Will the summit on abuse bring meaningful changes in Rome?
“So much is at stake this week...I hope something important comes from it,” Anne Barrett Doyle, the co-director of BishopAccountability.org, told reporters at the Foreign Press Association in Rome on Feb. 19, two days before the Vatican summit on the protection of minors in the church is scheduled to begin on Feb. 21. But if nothing substantial comes of the meeting, Ms. Barrett Doyle said it is her hope “the energy of change” can be assumed by secular forces “so that changes will come from the outside, through attorneys general, grand jury investigations and so on.”
“The Catholics of the world are grieving, disillusioned,” she said, because of “the sexual abuse of thousands of minors by clergy in past decades and bishops who covered up.”
“We all know,” she added, “that canon law has to be changed so that it stops protecting the priesthood of ordained men over the lives of children.
“I believe the church is no way close to enacting the reforms to end this epidemic,” she said, “which consists of two aspects: the sexual assault on minors by priests and the cover-up by bishops.”
BishopAccountability.org is one of the many advocacy groups for survivors of abuse by clergy that have descended on Rome this week from all over the world to highlight the problem ahead of the summit.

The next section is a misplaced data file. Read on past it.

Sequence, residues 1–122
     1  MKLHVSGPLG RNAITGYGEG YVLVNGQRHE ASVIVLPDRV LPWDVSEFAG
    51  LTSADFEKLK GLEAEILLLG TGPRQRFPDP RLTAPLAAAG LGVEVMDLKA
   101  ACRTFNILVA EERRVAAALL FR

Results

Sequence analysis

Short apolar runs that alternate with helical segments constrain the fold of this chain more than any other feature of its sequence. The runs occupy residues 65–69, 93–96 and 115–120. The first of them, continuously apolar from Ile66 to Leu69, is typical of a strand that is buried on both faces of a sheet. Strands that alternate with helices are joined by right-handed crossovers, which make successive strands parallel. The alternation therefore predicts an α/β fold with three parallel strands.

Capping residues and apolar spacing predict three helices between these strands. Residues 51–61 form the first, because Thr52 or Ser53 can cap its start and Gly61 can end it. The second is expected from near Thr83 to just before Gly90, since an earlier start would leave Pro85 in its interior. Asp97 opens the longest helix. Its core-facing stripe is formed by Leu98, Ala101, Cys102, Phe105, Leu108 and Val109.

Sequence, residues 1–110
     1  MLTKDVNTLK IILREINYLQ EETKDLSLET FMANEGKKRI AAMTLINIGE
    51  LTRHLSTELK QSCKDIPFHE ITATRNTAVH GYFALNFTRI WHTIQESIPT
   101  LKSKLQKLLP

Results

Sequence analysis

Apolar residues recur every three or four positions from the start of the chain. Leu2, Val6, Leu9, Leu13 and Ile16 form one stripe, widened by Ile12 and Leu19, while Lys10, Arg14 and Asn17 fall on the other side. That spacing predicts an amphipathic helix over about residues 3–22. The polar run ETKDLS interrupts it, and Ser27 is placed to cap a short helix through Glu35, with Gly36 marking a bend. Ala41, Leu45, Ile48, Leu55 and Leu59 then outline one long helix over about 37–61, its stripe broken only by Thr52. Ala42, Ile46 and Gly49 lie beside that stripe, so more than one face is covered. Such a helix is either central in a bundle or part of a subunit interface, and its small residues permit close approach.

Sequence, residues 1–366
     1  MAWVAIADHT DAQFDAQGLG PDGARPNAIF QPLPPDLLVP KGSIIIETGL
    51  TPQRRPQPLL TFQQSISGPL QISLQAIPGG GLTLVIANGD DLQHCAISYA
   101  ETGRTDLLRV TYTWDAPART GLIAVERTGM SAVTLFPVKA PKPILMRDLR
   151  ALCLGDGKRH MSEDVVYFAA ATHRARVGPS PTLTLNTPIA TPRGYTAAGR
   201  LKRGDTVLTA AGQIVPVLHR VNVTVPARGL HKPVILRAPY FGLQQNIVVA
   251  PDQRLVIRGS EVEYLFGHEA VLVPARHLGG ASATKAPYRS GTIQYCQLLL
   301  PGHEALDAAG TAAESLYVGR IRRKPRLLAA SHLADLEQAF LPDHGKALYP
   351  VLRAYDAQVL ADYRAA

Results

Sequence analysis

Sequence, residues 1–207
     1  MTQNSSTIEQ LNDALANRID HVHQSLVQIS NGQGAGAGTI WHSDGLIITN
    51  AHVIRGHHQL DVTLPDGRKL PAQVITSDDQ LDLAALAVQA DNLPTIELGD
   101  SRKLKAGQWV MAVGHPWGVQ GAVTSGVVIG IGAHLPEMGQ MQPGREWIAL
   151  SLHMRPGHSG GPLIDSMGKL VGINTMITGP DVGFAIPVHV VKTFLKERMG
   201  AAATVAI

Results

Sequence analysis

“We all know,” she added, “that canon law has to be changed so that it stops protecting the priesthood of ordained men over the lives of children.”
Ms. Barrett Doyle explained that in advance of the summit her organization had reviewed the church’s response to abuse in eight countries with the highest numbers of Catholics—Brazil, Mexico, the Philippines, the United States, Italy, France, Colombia and the Democratic Republic of the Congo, which together represent 50 percent of the world’s Catholics.
She said the review showed that Brazil, with 172 million Catholics, has not posted a policy for handling abuse allegations on its website. “The crisis is invisible there,” she alleged, though her group had identified some 90 priest abusers in Brazil in 2012 and believes there are “thousands” of cases.
The church in Mexico, with the second largest Catholic population, claims to have dealt with only one abusive priest, while just four have been convicted of this crime. But, she said, the president of the Mexican bishops’ conference described clergy sex abuse as “a bottomless well” and is seeking “unusual new faculties” from the Vatican to deal with the problem.
In the Philippines, the third most Catholic country in the world, the church has had “a lax policy” since 2003 (though it has been removed from the website) and “no priest has been convicted of child sex crimes.”
Ms. Barrett Doyle said the church the Philippines “lets offenders return to the ministry” and “bishops don’t report priests” because they “have a relation that is analogous to father-son with them.” She charged that the Philippines’ church also tolerates “priest fathers” on “a one-child quota system.”
BishopAccountability.org found that globally eight bishops conferences—Brazil, Congo, Peru, Venezuela, Nigeria, India, Ecuador and Uganda—have not published guidelines on how to respond to child abuse and that only one of 20 nations in the world with the highest number of Catholics has a zero-tolerance policy—the United States.